Personal fitness monitoring devices data: With the rise of these monitoring devices in the consumer arena, the data that is being made available ranging from physical activities, sleeping habits, heart, calories in take and such are also providing some insight to what patients are doing outside the hospital that can affect their health and well-being.
Patient Genome: As molecular biology continues to make strides toward identifying patients are higher risks for some disease and response to drugs. As some of this data becomes available, hospitals can use some of that data.
Analytics competency can help these healthcare organizations harness “big data” to truly discover new insights, set their future vision, improve population health and improve operations.
June 4, 2012 9:29 PM
Posted by: RedaChouffani
One of the challenges that hospitals face is how to continue to reduce infection related and post-surgery ER visit cases they see. Many executives are looking to identify ways to improve safety and compliance internally. But in some cases, post-surgery ER readmissions are simply due lack of communication between patient and clinician which results in delays in identifying issues that could be treated easily.
Some have taken an innovative way to resolve to help curb the readmission rate. By monitoring the patient’s wounds and health remotely, they are able to catch things earlier and potentially avoid ER visits all together.
This is being done via smartphones and mobile devices. When a patient has been discharged post an ambulatory surgery, they are provided with an app to download to their mobile device, and with that they receive daily questions and follow ups, as well as requests for incision photos that are uploaded and monitored by clinicians. If at any point the patient’s condition is cause for concern, they are requested to visit a clinician or an emergency room.
By remotely monitoring the patients this close, hospitals are able to save healthcare dollars and provide better care.
Some of these Apps also provide additional information such as: How to properly care for incisions, medication management as well as general patient services.
Mobile Apps continue to help reshape the future of healthcare and with the increase of user adoption; this technology has tremendous potential to save healthcare dollars while providing improved care.
May 28, 2012 9:01 PM
Posted by: RedaChouffani
, patient portal
, social health network
While it is common advice to always seek a medical professional when there are health issues we face, many patients seek Internet search engines as a first attempt at self-diagnosis. There are also many instances where some find more comfort in reading about the story of others that may be experiencing and living with the same condition as them.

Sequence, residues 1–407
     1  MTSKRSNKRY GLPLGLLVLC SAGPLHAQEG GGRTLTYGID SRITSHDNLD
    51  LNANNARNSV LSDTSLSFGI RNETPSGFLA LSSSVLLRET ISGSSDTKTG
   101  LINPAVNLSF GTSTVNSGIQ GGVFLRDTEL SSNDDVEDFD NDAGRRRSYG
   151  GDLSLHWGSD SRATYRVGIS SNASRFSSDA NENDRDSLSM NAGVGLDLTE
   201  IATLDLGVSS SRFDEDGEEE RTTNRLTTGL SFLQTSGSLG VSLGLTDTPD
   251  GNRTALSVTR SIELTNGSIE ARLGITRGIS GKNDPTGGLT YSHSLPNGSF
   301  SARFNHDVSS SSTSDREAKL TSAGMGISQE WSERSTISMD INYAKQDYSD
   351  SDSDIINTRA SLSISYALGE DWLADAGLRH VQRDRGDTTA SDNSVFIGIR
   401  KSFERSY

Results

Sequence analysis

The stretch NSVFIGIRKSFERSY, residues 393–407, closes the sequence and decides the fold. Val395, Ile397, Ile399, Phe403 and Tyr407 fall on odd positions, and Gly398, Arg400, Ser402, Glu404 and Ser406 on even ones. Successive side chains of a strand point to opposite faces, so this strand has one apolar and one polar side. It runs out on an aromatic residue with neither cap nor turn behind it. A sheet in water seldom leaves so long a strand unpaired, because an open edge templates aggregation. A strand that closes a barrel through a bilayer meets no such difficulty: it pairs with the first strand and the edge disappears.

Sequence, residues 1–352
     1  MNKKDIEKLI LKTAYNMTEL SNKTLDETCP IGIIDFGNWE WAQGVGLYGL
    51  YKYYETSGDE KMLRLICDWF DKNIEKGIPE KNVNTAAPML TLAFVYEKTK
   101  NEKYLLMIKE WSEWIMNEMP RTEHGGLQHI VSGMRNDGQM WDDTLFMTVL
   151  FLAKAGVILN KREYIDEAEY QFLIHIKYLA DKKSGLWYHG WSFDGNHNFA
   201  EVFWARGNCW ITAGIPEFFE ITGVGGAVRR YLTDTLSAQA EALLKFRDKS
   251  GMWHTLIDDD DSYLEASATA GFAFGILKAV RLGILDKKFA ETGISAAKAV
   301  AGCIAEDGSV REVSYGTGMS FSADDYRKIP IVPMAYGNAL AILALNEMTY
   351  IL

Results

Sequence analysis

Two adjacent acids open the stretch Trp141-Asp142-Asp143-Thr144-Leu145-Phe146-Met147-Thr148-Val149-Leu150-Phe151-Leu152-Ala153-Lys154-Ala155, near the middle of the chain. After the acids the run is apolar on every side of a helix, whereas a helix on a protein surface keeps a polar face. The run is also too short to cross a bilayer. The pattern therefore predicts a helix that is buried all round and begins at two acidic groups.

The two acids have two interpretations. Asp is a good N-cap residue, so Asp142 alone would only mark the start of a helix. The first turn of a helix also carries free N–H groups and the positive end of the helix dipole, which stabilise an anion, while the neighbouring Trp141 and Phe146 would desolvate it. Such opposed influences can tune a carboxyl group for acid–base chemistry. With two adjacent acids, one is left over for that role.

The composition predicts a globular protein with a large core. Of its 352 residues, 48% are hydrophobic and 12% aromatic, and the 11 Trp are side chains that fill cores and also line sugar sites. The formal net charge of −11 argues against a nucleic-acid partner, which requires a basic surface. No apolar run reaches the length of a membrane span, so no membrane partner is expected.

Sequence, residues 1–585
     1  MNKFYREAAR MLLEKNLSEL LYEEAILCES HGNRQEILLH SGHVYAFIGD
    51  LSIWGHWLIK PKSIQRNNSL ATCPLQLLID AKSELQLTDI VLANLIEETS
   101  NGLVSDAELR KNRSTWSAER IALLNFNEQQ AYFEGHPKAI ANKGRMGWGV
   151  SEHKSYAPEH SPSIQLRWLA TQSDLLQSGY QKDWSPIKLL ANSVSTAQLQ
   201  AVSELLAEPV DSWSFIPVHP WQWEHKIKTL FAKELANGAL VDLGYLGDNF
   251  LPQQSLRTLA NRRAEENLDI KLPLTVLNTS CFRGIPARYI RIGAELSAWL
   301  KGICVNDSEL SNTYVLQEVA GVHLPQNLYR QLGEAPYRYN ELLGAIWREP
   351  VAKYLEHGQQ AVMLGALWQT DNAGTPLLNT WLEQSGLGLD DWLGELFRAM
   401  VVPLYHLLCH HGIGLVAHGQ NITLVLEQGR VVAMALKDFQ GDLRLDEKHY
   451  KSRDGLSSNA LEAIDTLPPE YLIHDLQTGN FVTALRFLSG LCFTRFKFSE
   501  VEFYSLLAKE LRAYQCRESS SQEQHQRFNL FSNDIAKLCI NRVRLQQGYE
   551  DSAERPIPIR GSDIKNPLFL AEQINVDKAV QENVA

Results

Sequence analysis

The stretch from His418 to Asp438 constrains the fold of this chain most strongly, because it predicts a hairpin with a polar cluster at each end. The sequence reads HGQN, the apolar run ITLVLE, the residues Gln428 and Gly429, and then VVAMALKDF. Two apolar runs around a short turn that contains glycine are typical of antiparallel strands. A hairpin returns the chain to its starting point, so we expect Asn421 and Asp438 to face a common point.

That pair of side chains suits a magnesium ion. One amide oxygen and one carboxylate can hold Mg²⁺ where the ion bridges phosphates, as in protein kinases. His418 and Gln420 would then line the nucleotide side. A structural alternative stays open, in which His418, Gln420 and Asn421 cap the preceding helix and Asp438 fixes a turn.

There are several online resources that provide medical information on medical conditions and treatment options available. These resources such as WebMD, or Mayo Clinic are in many cases used by clinicians as a recommended resource for reading more about the condition as patient education.
But with the rise of social media and constant demand for information, many community based forums have sprung up where patients are sharing their personal experiences living with specific conditions, remedies, side affects of treatments, new treatment options, and improvement stories. Unfortunately, there have been very few sites that offer a central place with all this information resides.
But recently, Meddik, which is a new startup, founded by one electrical engineer Ben Shyong and a medical student from the university of Pennsylvania took a new approach to delivering health information to patients. It provides a new way for its members to access aggregated health related content that is submitted and identified via tags in one central place.
The content ranges from articles, personal stories as well as multimedia that are around specific topics of the member’s interest.
In the last week, I have had the opportunity to signup for the site while in the Beta stage, and when I shared it with my family, I have received tremendous positive feedback on how easy to use it was. The website will provide a valuable resource to patients that have chronic disease and are sharing their stories and what had helped them with their condition, as well as any user who has just been diagnosed with a condition and is looking to learn about how others in the global community dealt with it. The website will also provide a way for the members to share articles and other outside links that would be relevant to any of the topics that have of interest to the readers.